What is this about?

Solving electronic circuits analytically can be a pain, if not impossible with complex constellations. So therefore, simulation is the only real alternative. For such purposes, programs like Spice and its many derivates have been developed. The original Berkley Spice has the disadvantage that the code is quite old and does not compile cleanly on new Linux machines. Commercial Spice variants are powerful and easy to use, but usually just run on Windows. Sure, there is Wine - but are there OpenSource alternatives? Yes. gEDA and GnuCap are two programs, one which is for design of electronic ciruits (doing EDA, Electronic Design Automation, as the name suggests) and the other which is for simulating circuits.

Why are you writing this?

Basically, when I started working with those programs and got a little into them - I instantly fell in love. They are powerful and pretty, easy to use (sure, there's a learning curve - but there's a learning curve virtually with anything) and very customizable. I was capable of writing pretty cool scripts within a few days with the help of one other GnuCap tutorial and the really nice and competent people on the GnuCap and gEDA mailing lists.

Alright, what are we trying to do?

Basically, we'll first start out with some very simple transient analysis and then try do do some filter analysis and frequency response.

What software do I need?

Well, you need gEDA from here, GnuCap from here and gwave from here. They're all free software and wonderful tools. It will not hurt if you read the documentation, especially of GnuCap (which has a bit of a learning curve) - it is available as a wonderfully verbose PDF-file. As I was looking for assistance the mailing lists of the projects were also of great help - although the questions I asked there will also be answered in this little tutorial :-)

Getting started...

We start out with a very simple simulation: Have a square wave of 50Hz with 50% duty cycle. This means the wave is 0.01 seconds on and 0.01 seconds off and the total period is 0.02 seconds. This signal we will push trough a RC-lowpass-filter and after that through a simple diode - see what happens. We expect the rising and falling edges of the waveform to be deformed because of the RC and also some voltage drop across the diode which we should be able to measure. So lets start drawing:

Simple circuit with R, C and D in gEDA

We set the "value" attribute of R1 to 1k (which imples 1 kOhm), "value" of C1 to 1u (which implies 1 µF) and the "value" attribute of D1 to "1N4004". Then we set the "netname" attributes of the input and output ot "Vin" and "Vout" respectively. And we're already done with the drawing. Now we can export the whole thing with using the gnetlist tool (which is part of the gEDA package):

joeserver joe [~/gnucap-example-jb/01_simple]: gnetlist -g spice -o mycircuit.net mycircuit.sch
gEDA/gnetlist version
gEDA/gnetlist comes with ABSOLUTELY NO WARRANTY; see COPYING for more details.
This is free software, and you are welcome to redistribute it under certain
conditions; please see the COPYING file for more details.

Remember to check that your schematic has no errors using the drc2 backend.
You can do it running 'gnetlist -g drc2 your_schematic.sch -o drc_output.txt'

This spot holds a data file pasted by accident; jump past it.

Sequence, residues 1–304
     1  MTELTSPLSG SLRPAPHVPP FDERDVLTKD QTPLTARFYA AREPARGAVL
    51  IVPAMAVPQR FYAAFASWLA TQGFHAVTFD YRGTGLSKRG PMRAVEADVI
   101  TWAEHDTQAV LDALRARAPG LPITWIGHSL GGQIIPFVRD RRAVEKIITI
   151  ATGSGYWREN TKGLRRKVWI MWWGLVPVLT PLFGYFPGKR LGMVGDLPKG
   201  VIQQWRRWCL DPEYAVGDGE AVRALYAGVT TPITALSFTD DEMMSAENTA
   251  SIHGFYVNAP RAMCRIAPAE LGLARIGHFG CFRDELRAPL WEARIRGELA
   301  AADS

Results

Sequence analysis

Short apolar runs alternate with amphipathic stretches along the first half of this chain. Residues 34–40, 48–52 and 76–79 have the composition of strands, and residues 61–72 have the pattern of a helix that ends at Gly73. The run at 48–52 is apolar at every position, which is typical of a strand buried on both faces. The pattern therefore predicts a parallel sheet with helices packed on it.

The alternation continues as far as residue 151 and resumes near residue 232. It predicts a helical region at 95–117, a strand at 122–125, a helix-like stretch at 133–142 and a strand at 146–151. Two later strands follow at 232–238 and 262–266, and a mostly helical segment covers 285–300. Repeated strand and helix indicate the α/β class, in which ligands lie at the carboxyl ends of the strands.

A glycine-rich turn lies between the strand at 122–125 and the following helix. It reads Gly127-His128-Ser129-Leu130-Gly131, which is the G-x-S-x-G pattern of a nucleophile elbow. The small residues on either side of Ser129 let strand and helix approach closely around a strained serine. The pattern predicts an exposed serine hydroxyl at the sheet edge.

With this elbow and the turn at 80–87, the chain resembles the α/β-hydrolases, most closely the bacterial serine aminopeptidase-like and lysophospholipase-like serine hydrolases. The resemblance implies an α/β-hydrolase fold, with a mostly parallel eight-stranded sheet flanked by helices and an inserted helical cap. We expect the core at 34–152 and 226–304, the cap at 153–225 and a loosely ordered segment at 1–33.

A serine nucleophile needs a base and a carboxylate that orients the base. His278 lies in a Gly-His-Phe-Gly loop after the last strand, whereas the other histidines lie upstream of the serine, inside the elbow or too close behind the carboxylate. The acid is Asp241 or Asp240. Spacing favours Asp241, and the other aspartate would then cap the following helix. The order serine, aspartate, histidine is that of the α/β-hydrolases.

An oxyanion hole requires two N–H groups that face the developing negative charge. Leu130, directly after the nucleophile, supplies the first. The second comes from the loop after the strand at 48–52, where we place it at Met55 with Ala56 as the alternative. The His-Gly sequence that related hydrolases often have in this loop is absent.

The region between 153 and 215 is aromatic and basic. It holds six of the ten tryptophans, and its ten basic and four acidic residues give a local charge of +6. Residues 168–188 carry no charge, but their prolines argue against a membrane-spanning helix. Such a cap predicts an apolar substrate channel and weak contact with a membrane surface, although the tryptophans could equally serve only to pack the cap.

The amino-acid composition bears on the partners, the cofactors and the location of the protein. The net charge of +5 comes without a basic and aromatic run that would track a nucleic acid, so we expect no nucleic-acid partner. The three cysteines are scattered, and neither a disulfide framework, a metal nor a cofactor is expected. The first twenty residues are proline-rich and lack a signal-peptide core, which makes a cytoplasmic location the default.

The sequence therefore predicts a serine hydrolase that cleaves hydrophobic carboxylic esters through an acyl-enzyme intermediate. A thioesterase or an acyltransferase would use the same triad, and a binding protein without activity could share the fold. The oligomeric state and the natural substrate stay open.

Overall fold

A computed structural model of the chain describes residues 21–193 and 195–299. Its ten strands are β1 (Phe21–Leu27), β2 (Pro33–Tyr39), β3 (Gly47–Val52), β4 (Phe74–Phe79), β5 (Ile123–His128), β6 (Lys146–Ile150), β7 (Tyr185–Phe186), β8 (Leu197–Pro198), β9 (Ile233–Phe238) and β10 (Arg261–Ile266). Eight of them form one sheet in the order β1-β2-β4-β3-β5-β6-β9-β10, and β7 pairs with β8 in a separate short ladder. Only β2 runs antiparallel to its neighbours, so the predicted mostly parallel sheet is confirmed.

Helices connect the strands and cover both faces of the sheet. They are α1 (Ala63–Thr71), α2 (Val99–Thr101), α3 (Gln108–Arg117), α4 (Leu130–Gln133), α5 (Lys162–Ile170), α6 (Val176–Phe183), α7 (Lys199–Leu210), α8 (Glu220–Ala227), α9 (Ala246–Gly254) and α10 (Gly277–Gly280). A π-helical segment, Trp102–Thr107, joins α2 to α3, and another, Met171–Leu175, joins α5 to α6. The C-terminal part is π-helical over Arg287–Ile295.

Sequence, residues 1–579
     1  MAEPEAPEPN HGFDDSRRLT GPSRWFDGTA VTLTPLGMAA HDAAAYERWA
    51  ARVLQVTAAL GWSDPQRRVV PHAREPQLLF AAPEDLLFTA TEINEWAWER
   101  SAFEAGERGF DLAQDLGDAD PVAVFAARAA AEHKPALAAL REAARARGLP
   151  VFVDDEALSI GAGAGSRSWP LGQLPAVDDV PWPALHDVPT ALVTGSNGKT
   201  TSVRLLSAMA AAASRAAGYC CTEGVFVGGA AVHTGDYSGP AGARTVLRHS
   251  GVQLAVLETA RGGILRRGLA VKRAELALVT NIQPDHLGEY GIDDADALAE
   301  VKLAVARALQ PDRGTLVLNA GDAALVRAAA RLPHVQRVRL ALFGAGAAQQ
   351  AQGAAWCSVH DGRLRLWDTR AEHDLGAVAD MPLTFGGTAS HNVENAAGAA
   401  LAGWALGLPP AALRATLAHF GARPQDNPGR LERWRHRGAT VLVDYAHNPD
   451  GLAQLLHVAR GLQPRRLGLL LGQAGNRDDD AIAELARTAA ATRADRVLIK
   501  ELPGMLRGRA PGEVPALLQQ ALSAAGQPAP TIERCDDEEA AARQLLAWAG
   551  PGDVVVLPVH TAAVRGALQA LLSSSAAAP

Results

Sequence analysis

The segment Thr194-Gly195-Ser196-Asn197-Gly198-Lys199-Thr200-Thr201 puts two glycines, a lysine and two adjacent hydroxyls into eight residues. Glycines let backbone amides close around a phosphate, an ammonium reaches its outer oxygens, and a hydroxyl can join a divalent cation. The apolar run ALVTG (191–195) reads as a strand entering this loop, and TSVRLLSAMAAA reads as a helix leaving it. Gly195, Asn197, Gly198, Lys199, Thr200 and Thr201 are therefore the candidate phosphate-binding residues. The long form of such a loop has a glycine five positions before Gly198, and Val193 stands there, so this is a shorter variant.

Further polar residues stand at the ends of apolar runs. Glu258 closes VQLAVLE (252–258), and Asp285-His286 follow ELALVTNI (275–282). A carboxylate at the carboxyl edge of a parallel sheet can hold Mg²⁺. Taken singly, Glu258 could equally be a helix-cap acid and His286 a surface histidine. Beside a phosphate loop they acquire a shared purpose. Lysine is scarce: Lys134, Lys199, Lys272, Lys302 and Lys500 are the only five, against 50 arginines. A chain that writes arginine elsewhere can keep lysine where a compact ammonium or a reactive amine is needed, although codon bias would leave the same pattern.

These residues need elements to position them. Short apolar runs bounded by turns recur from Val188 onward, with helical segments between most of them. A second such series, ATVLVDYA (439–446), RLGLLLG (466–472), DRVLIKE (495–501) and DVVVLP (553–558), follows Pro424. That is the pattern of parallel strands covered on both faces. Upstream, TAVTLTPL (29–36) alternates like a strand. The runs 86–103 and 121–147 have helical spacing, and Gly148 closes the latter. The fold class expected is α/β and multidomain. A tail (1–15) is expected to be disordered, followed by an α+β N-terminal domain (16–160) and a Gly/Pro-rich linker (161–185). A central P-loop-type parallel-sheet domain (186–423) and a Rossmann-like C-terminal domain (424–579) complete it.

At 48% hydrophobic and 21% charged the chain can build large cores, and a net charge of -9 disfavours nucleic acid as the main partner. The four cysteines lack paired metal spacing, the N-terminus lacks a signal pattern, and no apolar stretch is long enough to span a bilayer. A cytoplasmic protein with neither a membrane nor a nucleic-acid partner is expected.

and seeing the contents of the file drc_output.txt.

Loading schematic [/home/joe/gnucap-example-jb/01_simple/mycircuit.sch]
joeserver joe [~/gnucap-example-jb/01_simple]:

We can check what we got there:

joeserver joe [~/gnucap-example-jb/01_simple]: cat mycircuit.net
* Spice netlister for gnetlist
R1 Vin 1 1k
C1 0 1 1u
D1 1 Vout 1N4004
joeserver joe [~/gnucap-example-jb/01_simple]:

What this means is, line by line:

  1. Just a comment.
  2. Create a resistor. Call it R1. Connect it to the nets "Vin" and "1". Let it have a value of 1kOhm.
  3. Create a capacitor. Call it C1. Connect it to the net "0" (which is always impled GND) and "1". Let it have a value of 1µF.
  4. Create a diode. Call it D1. Connect it to net "1" and "Vout". Let it have the model "1N4004".
  5. That's it.

Okay, this is neat - now let's try to simulate something. Start up gnucap. I'll always highlight the prompt (which is usually not the case) to improve readability.

joeserver joe [~/gnucap-example-jb/01_simple]: gnucap
Gnucap 2008.03.24 RCS 26.76
The Gnu Circuit Analysis Package
Never trust any version less than 1.0
Copyright 1982-2007, Albert Davis
This is free software, and you are welcome
to redistribute it under the terms of 
the GNU General Public License, version 3 or later.
See the file "COPYING" for details.

It will await you with a prompt. So we'll load the netlist in there:

gnucap> get mycircuit.net 
* Spice netlister for gnetlist 

So it has loaded the file. Let's check that it's really there:

gnucap> list
R1 ( vin 1 )  1.K
C1 ( 0 1 )  1.u
D1 ( 1 vout )  1N4004 NA( 1.)

Alright, so we now define that the 1N4004 model should just be an ordinary diode (no special model so far):

gnucap> model 1N4004 D

On some versions of GnuCap this might not work. If this is the case with your version, try:

gnucap> build
> .model 1N4004 D

And hit the return key to return to the standard GnuCap prompt. Thanks go to Brian Fuller who reported this to me on the geda-user mailing list.

If you now re-check the circuit listing, one line was added:

gnucap> list
.model 1N4004 d ( tnom=NA( 27.) is=NA( 10.f) rs=NA( 0.) n=NA( 1.) tt=NA( 0.) cjo=NA( NA) pb=NA( NA) mj=NA( 0.5) egap=NA( 1.11) xti=NA( 3.) fc=NA( 0.5))

These values describe the diode parameters, GnuCap has done some guessing for us, as we did not specify what diode exactly we wanted. Now let's tell GnuCap that the voltage source we connected is as we specified before. As the voltage source is part of the circuit description we loaded from the netfile, we will have to use the "build" command to insert it: